- It’s the earliest Orthodox Christian writing we have that is not contained in the New Testament. It was written around AD 60, which means it actually predates much, if not most, of the writings contained in the New Testament.
- Because it predates so much of the New Testament, what we have here is a writing produced by a community by whom Sola Scriptura was not only not believed in, but for whom Sola Scriptura would have been impossible! (no Scriptura = no Sola Scriptura)
- Also because of its very early date, the Didache is a powerful witness to the early Church — the earliest Church in fact; the Church of the Apostolic Age — and is a powerful piece of evidence that the Faith of the Orthodox Church today is the exact same as that of Christians of those times.
The Didache has been known in an extended Ethiopic version, called the Didascalia for a very long time — it’s actually part of the extended New Testament canon of the Ethiopian Orthodox Church. It was discovered in its Greek original, though, in 1873, in the library of an Orthodox monastery by the Orthodox Metropolitan of Nicomedia Philotheos Bryennios.
The Didache (Greek, meaning “teaching”) is a church order manual. Some of the early Fathers considered it Scriptural, but it was eventually excluded from the New Testament largely because it was unnecessary to include a manual of church order in Sacred Writ.
So let’s look at the Faith as it was believed and lived by the early Christians who lived even before Scripture, and compare it on a few points with the Faith of the Orthodox Church today.
“But concerning baptism, thus shall ye baptize. Having first recited all these things, baptize in the name of the Father and of the Son and of the Holy Spirit in living [running] water. But if thou hast not living water, then baptize in other water; and if thou art not able in cold, then in warm. But if thou hast neither, then pour water on the head thrice in the name of the Father and of the Son and of the Holy Spirit. But before the baptism let him that baptizeth and him that is baptized fast, and any others also who are able; and thou shalt order him that is baptized to fast a day or two before.” – Didache, 7:1-7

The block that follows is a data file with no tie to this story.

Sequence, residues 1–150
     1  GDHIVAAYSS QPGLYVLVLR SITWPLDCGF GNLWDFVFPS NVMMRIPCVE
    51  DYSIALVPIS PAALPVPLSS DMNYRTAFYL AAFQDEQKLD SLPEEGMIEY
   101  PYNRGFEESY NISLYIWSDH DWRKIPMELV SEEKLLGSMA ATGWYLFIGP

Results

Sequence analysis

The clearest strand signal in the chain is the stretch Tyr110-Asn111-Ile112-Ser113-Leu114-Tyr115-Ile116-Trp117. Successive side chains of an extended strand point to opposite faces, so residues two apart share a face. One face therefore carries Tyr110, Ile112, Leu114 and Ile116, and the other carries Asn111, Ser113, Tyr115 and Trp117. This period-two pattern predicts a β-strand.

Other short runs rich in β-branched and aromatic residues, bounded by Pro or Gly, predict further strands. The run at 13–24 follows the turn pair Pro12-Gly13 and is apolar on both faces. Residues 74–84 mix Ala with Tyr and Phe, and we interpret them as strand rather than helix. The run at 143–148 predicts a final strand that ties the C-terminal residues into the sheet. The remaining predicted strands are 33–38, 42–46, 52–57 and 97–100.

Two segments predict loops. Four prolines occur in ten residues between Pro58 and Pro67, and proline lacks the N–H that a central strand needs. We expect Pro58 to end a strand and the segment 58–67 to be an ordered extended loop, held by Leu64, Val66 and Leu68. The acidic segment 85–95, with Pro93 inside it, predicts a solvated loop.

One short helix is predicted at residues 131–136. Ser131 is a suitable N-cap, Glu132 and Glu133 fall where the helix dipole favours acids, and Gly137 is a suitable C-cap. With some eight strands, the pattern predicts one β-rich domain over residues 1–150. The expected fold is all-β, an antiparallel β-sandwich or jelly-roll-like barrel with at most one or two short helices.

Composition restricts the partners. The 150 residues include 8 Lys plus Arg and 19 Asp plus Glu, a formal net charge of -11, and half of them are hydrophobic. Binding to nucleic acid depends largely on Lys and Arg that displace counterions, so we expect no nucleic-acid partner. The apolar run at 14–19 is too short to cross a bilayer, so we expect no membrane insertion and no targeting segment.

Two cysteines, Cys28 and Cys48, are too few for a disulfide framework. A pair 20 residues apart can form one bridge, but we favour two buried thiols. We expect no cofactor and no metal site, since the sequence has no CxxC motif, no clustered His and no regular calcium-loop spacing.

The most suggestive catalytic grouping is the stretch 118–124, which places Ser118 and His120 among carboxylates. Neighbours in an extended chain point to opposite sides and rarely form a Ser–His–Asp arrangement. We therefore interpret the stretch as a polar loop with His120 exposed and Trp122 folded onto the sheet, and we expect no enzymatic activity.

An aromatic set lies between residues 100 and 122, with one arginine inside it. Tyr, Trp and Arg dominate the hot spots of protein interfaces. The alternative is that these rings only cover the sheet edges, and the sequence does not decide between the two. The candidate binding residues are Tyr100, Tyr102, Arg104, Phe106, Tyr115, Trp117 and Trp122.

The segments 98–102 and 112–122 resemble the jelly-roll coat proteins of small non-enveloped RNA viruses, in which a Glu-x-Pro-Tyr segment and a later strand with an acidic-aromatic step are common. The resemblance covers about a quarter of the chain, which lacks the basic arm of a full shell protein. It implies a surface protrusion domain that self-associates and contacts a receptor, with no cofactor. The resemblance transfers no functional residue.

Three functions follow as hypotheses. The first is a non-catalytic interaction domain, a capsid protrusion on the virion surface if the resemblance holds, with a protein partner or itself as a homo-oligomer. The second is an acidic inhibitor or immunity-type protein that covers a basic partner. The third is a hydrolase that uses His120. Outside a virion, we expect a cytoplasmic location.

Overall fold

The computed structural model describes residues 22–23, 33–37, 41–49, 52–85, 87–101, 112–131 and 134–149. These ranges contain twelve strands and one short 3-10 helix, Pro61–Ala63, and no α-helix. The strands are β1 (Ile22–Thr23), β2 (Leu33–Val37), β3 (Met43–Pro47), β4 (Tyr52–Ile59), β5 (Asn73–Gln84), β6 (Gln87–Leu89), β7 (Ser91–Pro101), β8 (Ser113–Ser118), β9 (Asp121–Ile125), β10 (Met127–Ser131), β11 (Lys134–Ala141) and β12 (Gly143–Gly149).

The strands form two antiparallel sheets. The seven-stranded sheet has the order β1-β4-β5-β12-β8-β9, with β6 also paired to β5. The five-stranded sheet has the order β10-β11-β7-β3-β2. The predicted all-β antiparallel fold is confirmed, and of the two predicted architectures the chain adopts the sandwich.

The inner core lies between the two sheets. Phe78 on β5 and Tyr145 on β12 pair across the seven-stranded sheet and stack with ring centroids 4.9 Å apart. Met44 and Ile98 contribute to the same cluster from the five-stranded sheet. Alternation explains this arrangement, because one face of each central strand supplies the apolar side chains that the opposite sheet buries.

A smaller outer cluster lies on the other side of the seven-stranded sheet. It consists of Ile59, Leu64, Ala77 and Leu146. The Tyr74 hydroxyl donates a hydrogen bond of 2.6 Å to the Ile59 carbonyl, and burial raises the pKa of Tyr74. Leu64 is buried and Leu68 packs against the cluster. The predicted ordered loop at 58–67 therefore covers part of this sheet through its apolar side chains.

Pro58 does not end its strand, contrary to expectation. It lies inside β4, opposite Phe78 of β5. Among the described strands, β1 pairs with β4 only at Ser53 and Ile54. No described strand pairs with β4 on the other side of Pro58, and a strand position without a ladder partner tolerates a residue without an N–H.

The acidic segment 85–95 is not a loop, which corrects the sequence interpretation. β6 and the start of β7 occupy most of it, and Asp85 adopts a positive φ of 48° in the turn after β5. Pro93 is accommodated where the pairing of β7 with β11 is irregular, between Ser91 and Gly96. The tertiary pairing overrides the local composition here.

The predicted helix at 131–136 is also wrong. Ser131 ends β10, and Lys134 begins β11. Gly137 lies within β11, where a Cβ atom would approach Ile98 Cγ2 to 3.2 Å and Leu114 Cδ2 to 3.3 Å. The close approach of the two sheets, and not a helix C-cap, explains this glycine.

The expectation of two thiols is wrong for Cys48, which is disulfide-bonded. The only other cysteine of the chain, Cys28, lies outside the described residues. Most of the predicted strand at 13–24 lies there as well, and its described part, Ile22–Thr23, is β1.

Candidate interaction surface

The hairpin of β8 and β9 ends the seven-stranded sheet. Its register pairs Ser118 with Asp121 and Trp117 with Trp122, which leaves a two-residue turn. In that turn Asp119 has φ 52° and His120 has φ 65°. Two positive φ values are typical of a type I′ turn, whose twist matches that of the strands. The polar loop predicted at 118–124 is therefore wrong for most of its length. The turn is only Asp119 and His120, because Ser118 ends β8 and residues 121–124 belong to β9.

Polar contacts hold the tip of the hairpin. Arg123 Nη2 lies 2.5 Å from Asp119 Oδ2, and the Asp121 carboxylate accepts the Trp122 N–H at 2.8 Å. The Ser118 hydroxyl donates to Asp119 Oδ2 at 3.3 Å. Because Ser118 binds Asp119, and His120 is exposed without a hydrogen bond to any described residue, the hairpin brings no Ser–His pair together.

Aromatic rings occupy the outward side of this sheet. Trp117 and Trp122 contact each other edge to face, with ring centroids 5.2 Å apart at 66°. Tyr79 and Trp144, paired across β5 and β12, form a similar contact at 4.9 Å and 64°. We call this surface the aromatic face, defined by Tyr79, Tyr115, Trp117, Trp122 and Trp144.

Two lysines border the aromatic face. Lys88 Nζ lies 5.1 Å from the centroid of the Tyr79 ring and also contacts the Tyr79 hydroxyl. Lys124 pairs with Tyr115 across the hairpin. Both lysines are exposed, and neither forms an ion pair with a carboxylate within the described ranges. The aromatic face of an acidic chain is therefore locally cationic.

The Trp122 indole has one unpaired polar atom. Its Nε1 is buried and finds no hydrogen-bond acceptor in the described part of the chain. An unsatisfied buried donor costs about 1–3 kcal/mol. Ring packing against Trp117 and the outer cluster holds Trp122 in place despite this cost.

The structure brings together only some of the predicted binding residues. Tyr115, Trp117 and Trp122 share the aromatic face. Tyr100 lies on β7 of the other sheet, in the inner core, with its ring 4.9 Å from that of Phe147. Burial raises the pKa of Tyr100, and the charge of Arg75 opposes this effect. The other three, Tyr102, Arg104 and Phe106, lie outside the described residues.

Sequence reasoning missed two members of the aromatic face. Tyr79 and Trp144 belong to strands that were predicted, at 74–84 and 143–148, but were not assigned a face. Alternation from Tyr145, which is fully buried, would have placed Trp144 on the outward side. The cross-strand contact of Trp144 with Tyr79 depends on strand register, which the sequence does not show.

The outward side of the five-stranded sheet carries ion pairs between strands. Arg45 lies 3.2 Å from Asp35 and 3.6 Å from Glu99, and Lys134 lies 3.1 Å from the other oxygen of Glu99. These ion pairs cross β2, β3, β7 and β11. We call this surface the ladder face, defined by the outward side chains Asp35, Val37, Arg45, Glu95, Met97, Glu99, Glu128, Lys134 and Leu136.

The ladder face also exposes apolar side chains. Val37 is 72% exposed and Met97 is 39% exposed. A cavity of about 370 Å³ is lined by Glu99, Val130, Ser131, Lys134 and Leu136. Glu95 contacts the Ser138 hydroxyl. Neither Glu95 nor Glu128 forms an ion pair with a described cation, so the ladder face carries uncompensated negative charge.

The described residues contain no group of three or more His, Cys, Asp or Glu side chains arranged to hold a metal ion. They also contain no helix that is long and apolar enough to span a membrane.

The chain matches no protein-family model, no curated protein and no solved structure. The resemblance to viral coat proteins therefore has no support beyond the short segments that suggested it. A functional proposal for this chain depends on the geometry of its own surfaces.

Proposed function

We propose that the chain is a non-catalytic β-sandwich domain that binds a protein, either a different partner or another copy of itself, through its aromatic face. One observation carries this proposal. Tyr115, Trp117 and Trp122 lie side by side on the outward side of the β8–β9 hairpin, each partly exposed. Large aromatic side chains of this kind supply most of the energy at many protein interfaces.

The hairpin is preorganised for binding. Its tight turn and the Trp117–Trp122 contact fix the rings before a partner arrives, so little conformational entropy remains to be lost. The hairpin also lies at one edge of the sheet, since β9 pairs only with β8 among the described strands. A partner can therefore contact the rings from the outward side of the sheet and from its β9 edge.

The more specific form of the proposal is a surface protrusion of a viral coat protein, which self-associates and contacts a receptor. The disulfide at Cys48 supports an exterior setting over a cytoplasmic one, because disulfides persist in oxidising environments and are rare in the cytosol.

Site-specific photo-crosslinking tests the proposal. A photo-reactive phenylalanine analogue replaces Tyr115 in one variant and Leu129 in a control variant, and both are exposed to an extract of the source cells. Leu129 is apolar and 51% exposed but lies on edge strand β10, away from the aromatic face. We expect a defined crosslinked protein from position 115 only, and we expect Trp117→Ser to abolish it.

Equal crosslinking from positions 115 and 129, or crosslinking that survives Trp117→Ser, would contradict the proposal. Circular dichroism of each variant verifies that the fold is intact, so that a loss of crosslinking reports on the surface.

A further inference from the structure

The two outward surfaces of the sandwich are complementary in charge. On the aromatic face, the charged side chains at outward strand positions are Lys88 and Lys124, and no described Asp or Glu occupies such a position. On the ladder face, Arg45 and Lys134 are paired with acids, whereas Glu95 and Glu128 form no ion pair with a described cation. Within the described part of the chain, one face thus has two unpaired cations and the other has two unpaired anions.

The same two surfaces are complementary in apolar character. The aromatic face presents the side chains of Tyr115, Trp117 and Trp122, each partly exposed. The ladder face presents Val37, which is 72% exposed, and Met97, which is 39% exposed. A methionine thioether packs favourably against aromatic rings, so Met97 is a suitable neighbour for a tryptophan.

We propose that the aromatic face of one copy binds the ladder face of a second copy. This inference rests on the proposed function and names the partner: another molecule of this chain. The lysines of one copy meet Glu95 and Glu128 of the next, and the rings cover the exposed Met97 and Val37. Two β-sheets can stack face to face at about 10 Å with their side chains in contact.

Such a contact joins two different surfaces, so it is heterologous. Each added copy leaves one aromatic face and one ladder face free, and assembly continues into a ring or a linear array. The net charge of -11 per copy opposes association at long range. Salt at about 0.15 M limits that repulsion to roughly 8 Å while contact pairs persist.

The early Christian practices of Baptism via triple immersion and fasting before Baptism are still preserved in the Orthodox Church today.
“And let not your fastings be with the hypocrites [Jews], for they fast on the second [Monday] and the fifth [Thursday] day of the week; but do ye keep your fast on the fourth [Wednesday] and on the preparation [the sixth — Friday] day.” – Didache, 8:1-2
The early Christian practice of fasting on Wednesdays and Fridays is still preserved in the Orthodox Church today.
On the Eucharist:
“But let no one eat or drink of this eucharistic thanksgiving, but they that have been baptized into the name of the Lord; for concerning this also the Lord hath said:Give not that which is holy to the dogs.” – Didache, 9:10-12
The early Christian practice of closed Communion (that is, Communion only for Baptized members of the Church) is still preserved in the Orthodox Church today.
As you can see, the Didache preserves for us a record of how the earliest Christians lived, Christians who lived even before the writings of the New Testament were put to pen and paper. Sola Scriptura would have been completely impossible for them — and yet they were a thriving Christian community and one whose Faith is still preserved and observed in the Holy Tradition of the Orthodox Church today, even in small details like triple immersion Baptism and fasting on Fridays. The community which produced the Didache was Apostolic in the most literal sense of the word and this document is a demonstration of the Apostolic nature of the Orthodox Church’s Holy Traditions — Traditions which may not be explicitly laid out in Scripture, in some cases, but which in many instances pre-date Scripture!
If you’d like to read the Didache for yourself and make your own comparisons with the various Christian groups today, you can check it out here.
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